Wheat Starch Paste
    It’s a paste, that’s made from wheat starch.

    Paste in its dry powder form, before cooking

    Wheat starch is widely used because it’s easy to make, easy to store, relatively inexpensive, archival, and strong. It’s also very versatile – you can make paste that is extremely dry and thick, but you can still make viable repairs when it’s watered down to the consistency of skim milk (paste consistencies are always measured via a dairy scale for some reason. It can get kind of gross).

    Paste, after cooking, ready to be strained

    There are loads of different ways to make paste out of wheat starch and which one of these ways is the best way is a fierce topic of debate between conservators and bookbinders. Some choose to cook theirs on the stove while others in the microwave. Some leave their starch to soak overnight in cold water before they cook it, some strain it with only a horse hair strainer, etc etc etc… No matter what exact recipe you choose to follow the process basically calls for adding water to dry wheat starch and applying heat. The starch will gel and become sticky, and that’s your paste. After the paste is made it needs to be pushed through a strainer of some sort to make it smooth, and then water is added to create the right consistency.

    The benefits of paste: versatile, easy to make.

    The drawbacks of paste: cooked paste doesn’t keep well and it won’t be long before you need to make more.

    The other adhesive I reach for during paper mending is methylcellulose, which in it’s dry state is a white powder made from vegetable cellulose. You may have heard of methylcellulose before – it’s used as an emulsifier and thickener in processed foods and cosmetics, and I was also surprised to discover that it’s also used as a laxative.

    Methylcellulose adhesive typically creates a much weaker bond than wheat starch paste. Sometimes this is a good thing – if you’re working with a very weak object you don’t want to make a very strong mend. But I rarely find a paper that is so weak I can’t use some dilution of wheat starch on it, so I typically use methylcellulose in water as a poultice to rehydrate dried glue on spine linings or whatnot and I use methylcellulose in ethanol to make mends on papers that are prone to tide lines. Diluted methylcellulose can also be used as a paper size.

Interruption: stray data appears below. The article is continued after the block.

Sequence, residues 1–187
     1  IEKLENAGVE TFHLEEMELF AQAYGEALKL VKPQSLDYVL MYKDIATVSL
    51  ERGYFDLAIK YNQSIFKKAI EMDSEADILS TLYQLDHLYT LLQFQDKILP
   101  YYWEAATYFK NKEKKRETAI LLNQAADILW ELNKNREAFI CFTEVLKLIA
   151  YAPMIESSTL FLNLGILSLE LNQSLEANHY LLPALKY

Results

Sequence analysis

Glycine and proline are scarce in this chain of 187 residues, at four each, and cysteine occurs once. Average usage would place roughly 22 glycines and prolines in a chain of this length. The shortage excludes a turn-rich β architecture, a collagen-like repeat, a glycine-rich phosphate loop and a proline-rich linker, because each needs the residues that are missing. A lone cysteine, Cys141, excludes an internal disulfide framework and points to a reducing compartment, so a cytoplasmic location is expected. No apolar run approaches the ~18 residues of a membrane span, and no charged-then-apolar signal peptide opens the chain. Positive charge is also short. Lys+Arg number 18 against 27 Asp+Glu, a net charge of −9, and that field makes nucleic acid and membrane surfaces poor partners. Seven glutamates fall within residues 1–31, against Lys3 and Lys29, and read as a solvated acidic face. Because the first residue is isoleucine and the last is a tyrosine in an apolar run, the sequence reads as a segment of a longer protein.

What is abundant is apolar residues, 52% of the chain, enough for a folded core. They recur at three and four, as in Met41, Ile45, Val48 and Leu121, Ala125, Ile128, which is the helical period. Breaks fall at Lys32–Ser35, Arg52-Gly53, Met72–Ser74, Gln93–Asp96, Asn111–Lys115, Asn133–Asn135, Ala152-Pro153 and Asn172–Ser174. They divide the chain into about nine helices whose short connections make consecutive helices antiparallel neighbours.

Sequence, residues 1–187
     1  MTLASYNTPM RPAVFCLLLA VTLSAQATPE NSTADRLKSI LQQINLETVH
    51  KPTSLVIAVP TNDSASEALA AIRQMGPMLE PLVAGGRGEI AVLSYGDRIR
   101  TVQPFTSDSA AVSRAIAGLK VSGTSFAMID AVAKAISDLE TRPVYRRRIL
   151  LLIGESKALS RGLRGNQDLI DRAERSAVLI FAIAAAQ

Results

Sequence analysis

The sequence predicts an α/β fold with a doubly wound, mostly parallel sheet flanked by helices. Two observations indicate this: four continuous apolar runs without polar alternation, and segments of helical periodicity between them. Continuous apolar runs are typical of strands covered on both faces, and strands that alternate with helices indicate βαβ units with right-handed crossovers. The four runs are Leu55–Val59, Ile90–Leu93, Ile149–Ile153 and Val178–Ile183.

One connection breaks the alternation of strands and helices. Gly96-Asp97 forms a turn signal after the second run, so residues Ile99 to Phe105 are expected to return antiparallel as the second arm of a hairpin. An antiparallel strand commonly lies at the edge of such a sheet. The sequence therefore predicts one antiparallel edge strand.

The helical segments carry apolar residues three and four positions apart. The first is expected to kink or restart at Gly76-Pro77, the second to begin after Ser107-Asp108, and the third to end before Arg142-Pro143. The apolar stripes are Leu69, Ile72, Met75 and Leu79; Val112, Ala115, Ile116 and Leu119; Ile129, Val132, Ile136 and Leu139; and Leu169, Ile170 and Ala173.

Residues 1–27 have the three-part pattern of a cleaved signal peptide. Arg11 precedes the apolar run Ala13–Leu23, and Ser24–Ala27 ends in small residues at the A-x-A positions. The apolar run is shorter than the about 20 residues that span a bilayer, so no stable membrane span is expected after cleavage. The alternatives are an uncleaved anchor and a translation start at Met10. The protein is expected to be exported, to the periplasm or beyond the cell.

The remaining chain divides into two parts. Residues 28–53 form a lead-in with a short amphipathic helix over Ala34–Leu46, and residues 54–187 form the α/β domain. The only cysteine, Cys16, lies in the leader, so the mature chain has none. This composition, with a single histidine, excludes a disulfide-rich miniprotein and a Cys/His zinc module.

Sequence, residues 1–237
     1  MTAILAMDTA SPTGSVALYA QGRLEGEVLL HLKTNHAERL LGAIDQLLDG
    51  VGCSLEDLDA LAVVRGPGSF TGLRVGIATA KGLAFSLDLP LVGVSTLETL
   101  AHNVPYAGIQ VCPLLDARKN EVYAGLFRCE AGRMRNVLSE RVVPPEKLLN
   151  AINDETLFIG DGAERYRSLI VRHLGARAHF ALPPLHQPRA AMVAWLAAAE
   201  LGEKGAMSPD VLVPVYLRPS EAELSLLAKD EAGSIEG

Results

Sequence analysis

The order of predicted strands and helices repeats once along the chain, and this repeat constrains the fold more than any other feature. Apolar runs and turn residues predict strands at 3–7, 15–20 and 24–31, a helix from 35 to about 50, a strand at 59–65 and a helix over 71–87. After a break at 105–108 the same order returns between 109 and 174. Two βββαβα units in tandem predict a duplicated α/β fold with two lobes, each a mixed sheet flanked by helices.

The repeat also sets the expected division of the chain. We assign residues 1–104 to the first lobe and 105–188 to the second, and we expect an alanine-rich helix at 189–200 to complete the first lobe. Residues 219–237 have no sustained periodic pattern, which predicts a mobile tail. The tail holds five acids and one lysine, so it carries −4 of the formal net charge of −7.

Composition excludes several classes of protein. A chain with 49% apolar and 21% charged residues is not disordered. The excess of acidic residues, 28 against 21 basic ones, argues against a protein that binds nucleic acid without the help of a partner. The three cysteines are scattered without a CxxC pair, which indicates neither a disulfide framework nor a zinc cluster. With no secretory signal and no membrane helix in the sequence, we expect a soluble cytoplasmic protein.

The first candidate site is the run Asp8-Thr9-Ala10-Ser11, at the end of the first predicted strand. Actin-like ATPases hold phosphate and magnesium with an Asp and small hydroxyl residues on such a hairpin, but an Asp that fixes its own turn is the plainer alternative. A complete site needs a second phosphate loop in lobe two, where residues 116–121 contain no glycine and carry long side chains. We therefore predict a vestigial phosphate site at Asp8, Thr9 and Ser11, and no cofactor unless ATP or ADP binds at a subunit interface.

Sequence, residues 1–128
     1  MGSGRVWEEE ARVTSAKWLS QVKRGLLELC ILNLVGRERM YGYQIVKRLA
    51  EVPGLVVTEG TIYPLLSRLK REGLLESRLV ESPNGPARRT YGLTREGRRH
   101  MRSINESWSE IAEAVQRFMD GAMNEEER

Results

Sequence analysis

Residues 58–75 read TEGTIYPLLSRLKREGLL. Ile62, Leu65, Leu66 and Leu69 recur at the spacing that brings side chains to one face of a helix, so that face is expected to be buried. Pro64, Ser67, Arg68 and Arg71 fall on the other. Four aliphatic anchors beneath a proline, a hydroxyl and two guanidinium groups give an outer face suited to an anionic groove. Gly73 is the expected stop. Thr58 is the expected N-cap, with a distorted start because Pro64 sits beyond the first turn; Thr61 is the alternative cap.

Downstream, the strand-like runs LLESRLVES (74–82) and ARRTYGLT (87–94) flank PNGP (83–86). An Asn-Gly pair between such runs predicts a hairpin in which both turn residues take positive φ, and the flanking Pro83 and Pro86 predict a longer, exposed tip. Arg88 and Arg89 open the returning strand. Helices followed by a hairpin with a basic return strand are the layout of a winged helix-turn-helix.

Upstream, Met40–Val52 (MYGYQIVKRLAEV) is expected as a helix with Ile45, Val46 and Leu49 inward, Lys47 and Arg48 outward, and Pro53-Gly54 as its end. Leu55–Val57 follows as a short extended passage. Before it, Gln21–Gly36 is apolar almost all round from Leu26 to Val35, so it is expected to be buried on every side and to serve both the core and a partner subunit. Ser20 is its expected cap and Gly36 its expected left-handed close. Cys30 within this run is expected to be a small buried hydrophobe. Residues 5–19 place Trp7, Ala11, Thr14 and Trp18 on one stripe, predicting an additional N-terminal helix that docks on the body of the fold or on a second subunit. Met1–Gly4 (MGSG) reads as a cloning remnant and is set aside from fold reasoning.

Jars of methylcellulose

    To cook methylcellulose in water you first need to dissolve it in cold water and apply heat to make it gel up (once again, there are a number of ways to accomplish this). With alcohol, I mix the powder with the appropriate amount of ethanol and let it sit overnight. Also like wheat starch paste the viscosity can be modified depending on how much water/alcohol you use, but unlike with paste the correct amount of liquid should be measured out before cooking rather than diluting the finished product.

    Benefits of methylcellulose: you can make it in water or alcohol, keeps longer than paste.

    Drawbacks of methylcellulose: not very strong, can leave a “sheen” when dry.

    What I’ve chosen to highlight here are the two of the perhaps most commonly used adhesives in a book and paper lab, but there are lots of choices out there. Wheat starch and methylcellulose are versatile but they don’t address every situation, so if you have a problem that these adhesives don’t solve do some research and ask around, there is an adhesive out there to meet your needs.